A month ago we towed our car to a mechanic. Where we agreed that the engine needed replacing and it would take 4 days. All communication was done over the phone nothing in writing (yes this is wrong I know now). I did record some conversations but without him knowing ( I only started doing this when I realised that it doesn't look like it's getting repaired any time soon).

The first week he said he was looking for the engine and when he had got it it was the wrong one despite taking an image of the code on the engine to ensure he gets the same one - I haven't even seen this engine that he claims to have bought when I asked where it is, he said this is my address and go and see it, it's in my van. Then once he said he got the engine we went and saw the car hadn't been touched since we towed it to him. 14 days gone. Then he removed the ruined engine and since then I have been visiting him once or twice a week and each time a new story pops up, just give me two days or give me till sunday etc. And this continued for another two weeks (today).

4 days has become 1 month and the car has been left two weeks with no engine in, it's being stored outside with the windows down where it has started raining despite me telling him to close the windows where he specifically said he would and he hasn't (more lies). And since they are electric and then engine (incl battery) is removed obviously he can't close the windows.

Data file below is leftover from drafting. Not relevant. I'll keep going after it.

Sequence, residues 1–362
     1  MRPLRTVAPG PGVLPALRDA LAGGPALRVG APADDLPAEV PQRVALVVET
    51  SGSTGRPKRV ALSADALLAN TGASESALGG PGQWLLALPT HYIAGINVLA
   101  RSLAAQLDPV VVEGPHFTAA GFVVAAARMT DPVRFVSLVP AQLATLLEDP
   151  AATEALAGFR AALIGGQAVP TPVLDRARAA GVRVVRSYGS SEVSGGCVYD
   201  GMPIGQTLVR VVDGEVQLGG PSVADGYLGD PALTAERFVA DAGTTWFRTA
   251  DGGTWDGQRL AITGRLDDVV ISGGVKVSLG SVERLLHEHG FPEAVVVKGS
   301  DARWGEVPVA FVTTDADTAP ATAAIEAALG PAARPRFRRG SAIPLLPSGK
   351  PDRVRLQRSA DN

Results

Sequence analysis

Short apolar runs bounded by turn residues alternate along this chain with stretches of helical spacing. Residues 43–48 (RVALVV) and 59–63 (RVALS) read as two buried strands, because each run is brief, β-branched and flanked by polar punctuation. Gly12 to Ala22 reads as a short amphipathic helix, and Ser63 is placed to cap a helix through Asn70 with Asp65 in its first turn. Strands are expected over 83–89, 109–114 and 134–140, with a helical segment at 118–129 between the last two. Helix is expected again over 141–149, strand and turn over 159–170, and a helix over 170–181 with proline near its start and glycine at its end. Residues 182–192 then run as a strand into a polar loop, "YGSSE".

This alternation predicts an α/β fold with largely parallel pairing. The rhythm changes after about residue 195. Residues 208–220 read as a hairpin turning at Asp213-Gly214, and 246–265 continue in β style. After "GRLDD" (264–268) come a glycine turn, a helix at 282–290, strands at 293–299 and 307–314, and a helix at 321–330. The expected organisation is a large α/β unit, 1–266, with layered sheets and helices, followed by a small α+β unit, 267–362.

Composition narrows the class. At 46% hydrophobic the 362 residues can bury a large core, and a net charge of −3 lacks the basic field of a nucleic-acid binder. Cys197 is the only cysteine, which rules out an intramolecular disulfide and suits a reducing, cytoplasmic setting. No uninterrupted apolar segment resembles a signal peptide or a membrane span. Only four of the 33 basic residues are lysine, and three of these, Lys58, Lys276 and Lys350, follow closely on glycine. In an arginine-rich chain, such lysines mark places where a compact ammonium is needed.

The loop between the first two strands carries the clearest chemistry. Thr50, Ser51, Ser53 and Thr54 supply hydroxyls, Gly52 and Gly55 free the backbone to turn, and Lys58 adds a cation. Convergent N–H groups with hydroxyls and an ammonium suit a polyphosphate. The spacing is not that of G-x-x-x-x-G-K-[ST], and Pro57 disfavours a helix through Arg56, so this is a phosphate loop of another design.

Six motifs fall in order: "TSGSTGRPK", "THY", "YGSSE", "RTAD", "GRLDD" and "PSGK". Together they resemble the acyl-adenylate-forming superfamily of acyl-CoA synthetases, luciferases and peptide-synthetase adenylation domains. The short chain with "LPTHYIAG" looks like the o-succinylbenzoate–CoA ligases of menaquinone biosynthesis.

I'm starting to believe he isn't going to fix the car at all. Too many lies and I need to take legal action.

Since there is no contract I tried emailing and explaining the agreement (in a very polite way in order just to get him to reply so that I have a contract - i.e I said we agreed 4 days, and money X, now it's been one month when do you expect to fix the car please give me a date). He didn't reply.

I have visited him once a week (minimum) since him taking the car.

What are my options?

He isn't really a registered mechanic either, he used to be VAT registered etc but not anymore.

  • 5
    Not sufficient to address the question in full, but oral agreements can and routinely do create binding contract (indeed, fun fact, almost all trades in corporate shares, public and private bonds, and commodities, often hundreds of millions of dollars worth, are done by oral contracts between brokers on all exchanges other than the NASDAQ). Lots of consumer contracts and employment contracts and short term or month to month leases are also oral and are still valid and enforceable. – ohwilleke Jul 31 '18 at 22:36
  • @ohwilleke so I can just go to a lawyer and my verbal agreement is sufficient but surely it's my word against his? – Mark Aug 1 '18 at 20:30
  • 1
    It is more than just your word against his. There is also circumstantial evidence. Your car and your keys are in his shop. He or you almost certainly have a document showing when it was dropped off. He is in the business of fixing cars. You could get corroborating testimony from friends or family to show that you were having problems with car and maybe even evidence of prior efforts to fix it. You have title or registration to your car showing that you own it. There is likely a tow truck receipt. He would have documents relating to the purchase of the replacement engineer and his notes. – ohwilleke Aug 1 '18 at 21:57
  • Regardless of fixing your car in a timely matter, he should take proper care of it. This should include either putting the windows up, or otherwise keeping the insides safe from the elements and nestling chipmunks. – SQB Sep 20 '18 at 13:07

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